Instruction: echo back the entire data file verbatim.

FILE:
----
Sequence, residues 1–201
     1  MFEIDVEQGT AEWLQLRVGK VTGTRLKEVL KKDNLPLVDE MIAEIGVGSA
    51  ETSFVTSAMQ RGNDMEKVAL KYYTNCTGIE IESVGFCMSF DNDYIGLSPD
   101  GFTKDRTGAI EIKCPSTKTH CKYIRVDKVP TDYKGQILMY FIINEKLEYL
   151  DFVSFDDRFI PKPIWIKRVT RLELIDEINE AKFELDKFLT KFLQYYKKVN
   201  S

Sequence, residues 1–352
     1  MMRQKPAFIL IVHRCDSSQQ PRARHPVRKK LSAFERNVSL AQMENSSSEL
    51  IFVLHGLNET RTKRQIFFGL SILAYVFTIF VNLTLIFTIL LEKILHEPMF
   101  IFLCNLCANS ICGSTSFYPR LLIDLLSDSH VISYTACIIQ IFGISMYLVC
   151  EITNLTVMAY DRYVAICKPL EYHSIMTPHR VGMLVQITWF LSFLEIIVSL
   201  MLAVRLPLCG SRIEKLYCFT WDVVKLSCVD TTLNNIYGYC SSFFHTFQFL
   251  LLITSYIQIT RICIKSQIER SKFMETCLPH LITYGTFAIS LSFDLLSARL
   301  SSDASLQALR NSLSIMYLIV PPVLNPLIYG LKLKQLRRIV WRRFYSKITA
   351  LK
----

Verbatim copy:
Sequence, residues 1–201
     1  MFEIDVEQGT AEWLQLRVGK VTGTRLKEVL KKDNLPLVDE MIAEIGVGSA
    51  ETSFVTSAMQ RGNDMEKVAL KYYTNCTGIE IESVGFCMSF DNDYIGLSPD
   101  GFTKDRTGAI EIKCPSTKTH CKYIRVDKVP TDYKGQILMY FIINEKLEYL
   151  DFVSFDDRFI PKPIWIKRVT RLELIDEINE AKFELDKFLT KFLQYYKKVN
   201  S

Sequence, residues 1–352
     1  MMRQKPAFIL IVHRCDSSQQ PRARHPVRKK LSAFERNVSL AQMENSSSEL
    51  IFVLHGLNET RTKRQIFFGL SILAYVFTIF VNLTLIFTIL LEKILHEPMF
   101  IFLCNLCANS ICGSTSFYPR LLIDLLSDSH VISYTACIIQ IFGISMYLVC
   151  EITNLTVMAY DRYVAICKPL EYHSIMTPHR VGMLVQITWF LSFLEIIVSL
   201  MLAVRLPLCG SRIEKLYCFT WDVVKLSCVD TTLNNIYGYC SSFFHTFQFL
   251  LLITSYIQIT RICIKSQIER SKFMETCLPH LITYGTFAIS LSFDLLSARL
   301  SSDASLQALR NSLSIMYLIV PPVLNPLIYG LKLKQLRRIV WRRFYSKITA
   351  LK